These thoughts happen to dovetail with others I’ve had recently about movies and art in general. It can be frustrating to approach a film commonly perceived as “difficult” for the first time when critics recommend seeing the film many times to understand it. There are so many movies I want to see, and the thought of seeing one and not immediately “getting it” makes me impatient. I’ve been immersed in the cinematic equivalent of pop music for so long that sometimes I feel like I’ve already wasted time. But lately I’ve felt more peace about these things; I may be coming around to the concept of letting a movie/book/piece of music stick in my memory so that its ideas can ferment as long as they need to.
Which leads us to Marcel Proust’s In Search of Lost Time. As you may recall from a previous post, Proust wrote of a fictional sonata that played a crucial role in the relationship between Charles Swann and Odette de Crécy. I was thrilled to see that particular piece of music resurface in the second volume, Within a Budding Grove. Now it is the narrator himself who hears the music as an adolescent visiting the Swann household, many years after the pertinent events in Swann’s Way. Recalling the incident years later, the narrator is able to understand why he failed to appreciate the sonata, particularly the “little phrase” that meant so much to Swann, on his first listen. What he has to say on the subject makes for one of the most spellbinding digressions in the novel so far and a fitting conclusion to this post.
But often one hears nothing when one listens for the first time to a piece of music that is at all complicated… And not only does one not grasp at once and remember works that are truly rare, but even within those works (as happened to me in the case of Vinteuil’s sonata) it is the least precious parts that one at first perceives… Hence the melancholy inseparable from one’s knowledge of such works, as of everything that takes place in time… Since I was able to enjoy everything that this sonata had to give me only in a succession of hearings, I never possessed it in its entirety: it was like life itself. But, less disappointing than life, great works of art do not begin by giving us the best of themselves… The reason why a work of genius is not easily admired from the first is that the man who has created it is extraordinary, that few other men resemble him. It is his work itself that, by fertilising the rare minds capable of understanding it, will make them increase and multiply. It was Beethoven’s quartets themselves (the Twelfth, Thirteenth, Fourteenth and Fifteenth) that devoted half a century to forming, fashioning and enlarging the audience for Beethoven’s quartets, thus marking, like every great work of art, an advance if not in the quality of artists at least in the community of minds… What is called posterity is the posterity of the work of art… And so it is essential that the artist (and this is what Vinteuil had done), if he wishes his work to be free to follow its own course, should launch it, there where there is sufficient depth, boldly into the distant future.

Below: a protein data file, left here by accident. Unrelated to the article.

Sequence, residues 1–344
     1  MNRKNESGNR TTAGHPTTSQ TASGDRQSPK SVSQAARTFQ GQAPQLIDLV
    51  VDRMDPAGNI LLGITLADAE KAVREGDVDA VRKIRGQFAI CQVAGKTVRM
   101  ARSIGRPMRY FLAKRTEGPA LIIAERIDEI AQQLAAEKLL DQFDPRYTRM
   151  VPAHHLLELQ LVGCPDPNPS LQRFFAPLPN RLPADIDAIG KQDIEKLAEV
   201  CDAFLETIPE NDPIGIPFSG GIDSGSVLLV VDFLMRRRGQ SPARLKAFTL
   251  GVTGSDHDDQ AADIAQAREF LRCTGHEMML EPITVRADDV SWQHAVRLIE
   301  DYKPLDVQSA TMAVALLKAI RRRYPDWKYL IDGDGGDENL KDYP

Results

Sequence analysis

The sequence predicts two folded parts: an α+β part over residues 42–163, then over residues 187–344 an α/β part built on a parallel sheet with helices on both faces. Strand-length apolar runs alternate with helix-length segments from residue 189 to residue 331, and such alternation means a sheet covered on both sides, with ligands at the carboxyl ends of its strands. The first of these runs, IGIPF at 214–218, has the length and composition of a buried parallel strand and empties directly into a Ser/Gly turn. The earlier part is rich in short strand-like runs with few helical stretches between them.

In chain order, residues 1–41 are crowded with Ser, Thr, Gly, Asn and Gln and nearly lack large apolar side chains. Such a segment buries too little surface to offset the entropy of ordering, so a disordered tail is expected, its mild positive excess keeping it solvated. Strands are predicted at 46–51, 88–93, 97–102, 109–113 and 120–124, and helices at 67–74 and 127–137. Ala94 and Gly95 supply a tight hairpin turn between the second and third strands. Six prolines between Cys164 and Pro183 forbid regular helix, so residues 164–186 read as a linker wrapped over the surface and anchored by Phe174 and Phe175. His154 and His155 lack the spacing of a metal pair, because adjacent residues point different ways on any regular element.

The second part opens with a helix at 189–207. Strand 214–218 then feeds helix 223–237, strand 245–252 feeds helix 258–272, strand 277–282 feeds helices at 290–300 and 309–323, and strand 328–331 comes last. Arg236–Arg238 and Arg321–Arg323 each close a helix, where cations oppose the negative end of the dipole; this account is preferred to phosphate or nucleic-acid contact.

–Proust, Within a Budding Grove, translated by C.K. Scott Moncrieff, Terence Kilmartin, and D.J. Enright